Another thing about dry washing in the desert is that it will eventually introduce you to various desert critters. Those folks I mentioned who are blowing down the interstate only think of snakes and scorpions as far as the desert is concerned. They are partially correct because those types of critters can be plentiful when you're working dry gold ground. In places like the Sonoran and Coloradan Deserts you really have to watch your step or where you place your hands or plop your butt. Now there is little joy in getting bitten or stung by one of these desert denizens, but there is joy in learning about them and studying their behavior in the wild. Ditto for the tarantulas, the kit foxes, lizards, and coyotes. I remember getting up to pee in the middle of the night in the desert outside of Yuma, Arizona and seeing a kit fox in the bright moonlight studying me all the while. There is joy to be taken in these little experiences. And in case you don't already know it, the desert comes alive at night with all sorts of critters...big and small. One time I laid awake in my tent listening to the rustling and scrambling of field mice, kangaroo rats, and other small critters as they frantically searched my campsite for water or "goodies." I wasn't irritated by their comings and goings because my food was packed away or in coolers. And the water in my concentrate panning tub? Why those little beasts were welcome to get a drink in that dry and otherwise desolate location. Their antics that night made me smile at the time and still do. Another joyful experience. On the flip side of this coin I nearly sat down on a sidewinder one morning and was warned off by a big rattler another time when reaching behind a small boulder. My bad both times. Oh, and you should never place a lantern too close to the ground in certain desert locations. One night when I was working the old Potholes District a cloud of insects began flying madly around the lantern I'd set on the ground and not long after, a parade of small scorpions showed up. It was dinnertime for those scorpions and I was the owner of the restaurant! But all that said, I take joy in each of those instances. They added another dimension to my dry washing experiences. Crazy am I? You bet.

The Joy of it All

Good gold can be had in desert locations for those with knowledge and experience. And running a dry washer is the way to get it most efficiently. There is joy to be taken when you have that little puffer or electrostatic unit up and running and are shoveling gold-bearing dirt into the hopper. Sure it's hard work, but what aspect of small-scale gold mining isn't? I used to get into a sort of trance "zone" when working dry desert ground...the sound of a smooth running motor and the bellows of my puffer "slap-slapping" away, swinging a pick into a hard-packed desert bench, shoveling and classifying gravel coated with caliche, and slowly feeding five-gallon buckets of dirt into the hopper. I took joy in the sounds and the physical rhythm of it all, even the clouds of fine dust that swirled around me. Except for momentary water breaks to keep myself hydrated, I remained in that trance zone as long as I continued to work away. But there was also joy to be had when it came time to shut that puppy down and let the desert return to its own silence again. And joy when I dumped the last riffle tray of concentrates into my five-gallon bucket. Then it was off to the water tub to pan those concentrates out. Of course, there came even greater joy when those pieces of coarse desert gold began peeking through the heavy black sands that had accumulated over the course of the day. So the joy of gold recovery was ever present, but it never blinded me to the joys of being out there and dry washing the desert. Sure I was dirty, smelly, and my mouth and nostrils clogged with fine grit. But that was all part of the deal. The joy of it all.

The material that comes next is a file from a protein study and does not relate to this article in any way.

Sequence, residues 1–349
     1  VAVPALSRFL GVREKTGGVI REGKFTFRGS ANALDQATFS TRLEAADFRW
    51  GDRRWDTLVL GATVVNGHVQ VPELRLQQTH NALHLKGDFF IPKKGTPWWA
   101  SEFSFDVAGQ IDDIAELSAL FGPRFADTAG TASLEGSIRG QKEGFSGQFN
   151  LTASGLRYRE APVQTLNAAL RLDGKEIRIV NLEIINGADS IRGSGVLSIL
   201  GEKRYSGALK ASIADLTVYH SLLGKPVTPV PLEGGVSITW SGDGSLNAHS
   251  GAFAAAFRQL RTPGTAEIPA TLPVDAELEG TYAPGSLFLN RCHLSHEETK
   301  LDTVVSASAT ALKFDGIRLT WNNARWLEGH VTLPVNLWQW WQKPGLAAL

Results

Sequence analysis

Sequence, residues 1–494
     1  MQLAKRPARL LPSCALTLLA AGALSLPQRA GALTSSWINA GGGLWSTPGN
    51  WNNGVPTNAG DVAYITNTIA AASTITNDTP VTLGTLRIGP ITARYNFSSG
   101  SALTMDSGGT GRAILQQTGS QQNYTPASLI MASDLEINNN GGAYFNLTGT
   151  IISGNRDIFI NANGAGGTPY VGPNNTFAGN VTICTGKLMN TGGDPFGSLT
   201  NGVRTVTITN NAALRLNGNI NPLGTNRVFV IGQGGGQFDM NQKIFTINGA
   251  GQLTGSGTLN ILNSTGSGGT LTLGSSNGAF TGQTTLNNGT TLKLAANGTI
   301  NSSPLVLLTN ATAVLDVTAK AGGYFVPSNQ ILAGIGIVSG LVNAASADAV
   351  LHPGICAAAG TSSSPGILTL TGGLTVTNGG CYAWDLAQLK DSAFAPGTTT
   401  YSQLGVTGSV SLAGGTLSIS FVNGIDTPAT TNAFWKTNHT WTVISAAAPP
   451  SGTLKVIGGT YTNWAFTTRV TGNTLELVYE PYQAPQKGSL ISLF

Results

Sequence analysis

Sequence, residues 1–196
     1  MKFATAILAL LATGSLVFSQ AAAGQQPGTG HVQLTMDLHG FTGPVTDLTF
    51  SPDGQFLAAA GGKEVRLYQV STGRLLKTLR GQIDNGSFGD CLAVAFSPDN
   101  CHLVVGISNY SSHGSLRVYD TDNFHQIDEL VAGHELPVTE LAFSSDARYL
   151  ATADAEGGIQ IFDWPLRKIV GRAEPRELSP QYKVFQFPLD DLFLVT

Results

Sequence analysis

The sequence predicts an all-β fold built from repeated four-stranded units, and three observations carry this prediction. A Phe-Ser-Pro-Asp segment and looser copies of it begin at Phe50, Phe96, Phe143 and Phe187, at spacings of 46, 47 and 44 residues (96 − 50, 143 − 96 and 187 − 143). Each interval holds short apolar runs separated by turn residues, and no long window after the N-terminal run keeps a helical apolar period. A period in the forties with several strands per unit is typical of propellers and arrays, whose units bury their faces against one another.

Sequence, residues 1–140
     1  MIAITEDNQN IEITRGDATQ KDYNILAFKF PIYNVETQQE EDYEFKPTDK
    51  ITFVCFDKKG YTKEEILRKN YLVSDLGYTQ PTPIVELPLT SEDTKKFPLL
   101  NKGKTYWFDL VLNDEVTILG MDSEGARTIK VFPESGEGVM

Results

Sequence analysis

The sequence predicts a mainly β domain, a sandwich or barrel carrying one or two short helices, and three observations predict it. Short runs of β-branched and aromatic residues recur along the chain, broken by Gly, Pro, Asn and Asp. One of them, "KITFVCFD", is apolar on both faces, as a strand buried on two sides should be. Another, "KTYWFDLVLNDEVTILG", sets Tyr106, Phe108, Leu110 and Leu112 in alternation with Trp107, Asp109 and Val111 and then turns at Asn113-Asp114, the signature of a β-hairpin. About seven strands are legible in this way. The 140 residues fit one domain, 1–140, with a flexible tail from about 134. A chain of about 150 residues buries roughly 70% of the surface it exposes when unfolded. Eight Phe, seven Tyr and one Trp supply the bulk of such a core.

I will tell you this brothers and sisters. Those days flew past me far too quickly and they will for you too. So take joy in what you do out there, even the little things. Every sound, every landscape, every critter, and every speck of gold you recover. Also remember that the desert can be your friend or your enemy depending on your perspective.

Ditto for the life you now lead...

(c) Jim Rocha 2018

Questions? E-mail me at


  1. Hey Jim...thanks again for something very interesting to read. I was born and raised in the desert (Phoenix) and I can appreciate the love you have for it. I never mined out there though. My uncle and I did a lot of camping and fishing in Arizona when I was a kid. I think I was the son that he never had. Come to think of it he never had any girls either.
    He was a long haul truck driver and my folks and us kids had not a clue about my uncle Virgil's working schedule. But about once a month he would pull into our driveway in his '55 Ford pickup bright and early on a Saturday morning, and then I knew it was going to be a fun weekend.
    We kept all of the gear at our house.
    My younger brother and sister were never interested in camping and fishing so they just stayed home.